The UK’s EU referendum could not have come at a worse time given the mood of the (wo)man in the street and the risk of the referendum becoming a wider protest vote against the current economy and the political establishment in the UK and the EU.

Since that time we have seen the pound (GBP) come under persistent selling pressure as the markets fret about the potential loss of common market rights for the UK — especially given the complete lack of clarity from the UK political establishment about what happens next. The manner of the referendum (no one considered what would happen if the people voted to leave) showed all too well how patronising and lacking in real dialogue the political relationship with the people has become in the UK (and elsewhere).

Despite the many economic benefits of access to the European common market, the increasing tension between certain perceived core UK national interests and the continued drive for a closer European Union finally resulted in the rejection of the European Union project by the UK. The UK concerns centred around immigration, the primacy of European law over British law, a democratic deficit in European politics and more generally concern about the destination the EU project is heading in — closer Union (at a time when we need less EU and more European collaboration).

We have since seen the UK political establishment struggle to find a way forward that gives effect to the desires of the UK people in the context of a poorly constructed referendum process. A process that provided no clarity on what type of Europe the people of the UK can remain in, whilst moving away from the disliked architecture of the European Union.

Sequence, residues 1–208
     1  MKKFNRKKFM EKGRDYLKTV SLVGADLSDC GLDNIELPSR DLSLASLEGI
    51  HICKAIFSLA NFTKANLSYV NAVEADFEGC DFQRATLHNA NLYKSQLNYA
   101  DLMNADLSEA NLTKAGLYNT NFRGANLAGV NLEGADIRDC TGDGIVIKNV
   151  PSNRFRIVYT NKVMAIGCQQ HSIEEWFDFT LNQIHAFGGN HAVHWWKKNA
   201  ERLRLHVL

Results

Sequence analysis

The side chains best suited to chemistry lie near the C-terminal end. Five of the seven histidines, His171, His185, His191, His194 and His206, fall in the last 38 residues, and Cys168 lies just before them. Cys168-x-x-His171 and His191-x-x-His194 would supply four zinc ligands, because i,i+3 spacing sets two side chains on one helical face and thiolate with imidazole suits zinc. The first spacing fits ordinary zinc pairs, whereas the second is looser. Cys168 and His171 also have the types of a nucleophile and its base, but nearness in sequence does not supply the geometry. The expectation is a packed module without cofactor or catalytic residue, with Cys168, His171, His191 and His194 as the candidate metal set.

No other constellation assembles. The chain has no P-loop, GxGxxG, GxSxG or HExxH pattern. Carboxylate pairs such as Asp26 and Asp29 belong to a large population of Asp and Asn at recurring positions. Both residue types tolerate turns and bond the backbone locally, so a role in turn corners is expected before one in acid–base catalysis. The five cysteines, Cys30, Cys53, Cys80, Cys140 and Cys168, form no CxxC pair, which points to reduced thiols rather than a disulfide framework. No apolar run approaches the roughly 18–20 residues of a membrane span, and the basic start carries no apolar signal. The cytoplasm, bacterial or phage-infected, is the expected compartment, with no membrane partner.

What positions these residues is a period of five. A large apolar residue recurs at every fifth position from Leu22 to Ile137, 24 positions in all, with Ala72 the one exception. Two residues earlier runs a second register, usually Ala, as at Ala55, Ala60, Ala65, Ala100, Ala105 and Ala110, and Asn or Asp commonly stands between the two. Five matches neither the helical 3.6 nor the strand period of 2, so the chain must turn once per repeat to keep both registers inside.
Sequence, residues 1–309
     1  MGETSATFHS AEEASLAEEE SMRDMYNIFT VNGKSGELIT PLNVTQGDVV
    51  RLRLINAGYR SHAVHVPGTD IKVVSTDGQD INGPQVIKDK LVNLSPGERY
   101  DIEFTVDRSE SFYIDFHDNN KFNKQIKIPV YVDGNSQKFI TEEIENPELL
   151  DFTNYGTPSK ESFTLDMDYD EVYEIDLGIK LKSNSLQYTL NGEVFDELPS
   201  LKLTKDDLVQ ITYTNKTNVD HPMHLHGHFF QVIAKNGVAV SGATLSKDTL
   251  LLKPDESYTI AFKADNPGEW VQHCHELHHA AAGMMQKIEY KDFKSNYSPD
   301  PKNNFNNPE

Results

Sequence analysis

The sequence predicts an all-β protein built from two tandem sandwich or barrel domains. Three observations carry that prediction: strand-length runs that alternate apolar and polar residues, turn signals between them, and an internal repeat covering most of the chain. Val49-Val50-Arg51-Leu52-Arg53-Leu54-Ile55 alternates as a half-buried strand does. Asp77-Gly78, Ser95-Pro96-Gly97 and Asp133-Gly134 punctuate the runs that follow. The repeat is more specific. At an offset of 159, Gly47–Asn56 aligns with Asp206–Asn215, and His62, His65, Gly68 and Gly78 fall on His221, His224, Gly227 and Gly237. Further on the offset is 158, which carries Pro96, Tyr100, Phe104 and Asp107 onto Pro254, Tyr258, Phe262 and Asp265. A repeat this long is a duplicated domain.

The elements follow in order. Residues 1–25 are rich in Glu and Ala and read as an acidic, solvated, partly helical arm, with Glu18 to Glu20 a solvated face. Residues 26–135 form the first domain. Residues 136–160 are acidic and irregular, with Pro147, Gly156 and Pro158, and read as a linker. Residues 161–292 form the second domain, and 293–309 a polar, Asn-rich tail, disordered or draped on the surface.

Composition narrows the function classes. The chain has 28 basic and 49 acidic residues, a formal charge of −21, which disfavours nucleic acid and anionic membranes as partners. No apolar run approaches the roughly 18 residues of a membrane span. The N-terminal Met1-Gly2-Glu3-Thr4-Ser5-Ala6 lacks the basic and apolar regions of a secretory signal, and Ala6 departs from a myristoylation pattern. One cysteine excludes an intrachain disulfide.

Whilst uncertainty is rightly regarded as an enemy to most long-term decisions, rushing into a certain loss of common market rights appears to be distinctly against the interest of the UK and the EU. Between a rock and a hard place the UK now waits and must plan its next move — seeking to balance common market rights with curtailment of one of the four fundamental EU freedoms. What happens next could turn this into a positive experience for Europe.

It seems perverse that the EU position remains that the UK must trigger an EU exit under Article 50 to have the necessary and long deferred debate and discussion about how Europe can and should work — there is more at stake for Europe (and not just the UK) than tactical economic and political positioning or the maintenance of the current EU architecture. A genuine public debate and resulting EU reform may even negate the need for such withdrawal by the UK (and possibly others later too if the UK goes). Perhaps it is too late to prevent the UK leaving the EU - but efforts must be exhausted to keep the EEA together if we are to keep the spirit of European goodwill and collaboration necessary for the younger generations to carry forward the European project.

The rejection of the EU comes at a time when the EU political and fiscal structures appear to be failing and there is a concern that the EU is not doing enough to secure an obviously better economic future for many citizens of the EU. This crisis is a potential opportunity.

This is all taking place within an apparent worldwide backlash against the negative aspects of globalisation, concern about significant differences in treatment in law and tax of the powerful and wealthy from ‘normal’ people, a loss of trust in long-standing institutions (including the political establishment and major banks) and a pervading suspicion that the common people are facing a future with the burdens of ‘austerity’ measures when things go wrong but less expected proportionate share of any increase in aggregate income and wealth. Are they really so stupid to suspect this? It would seem not.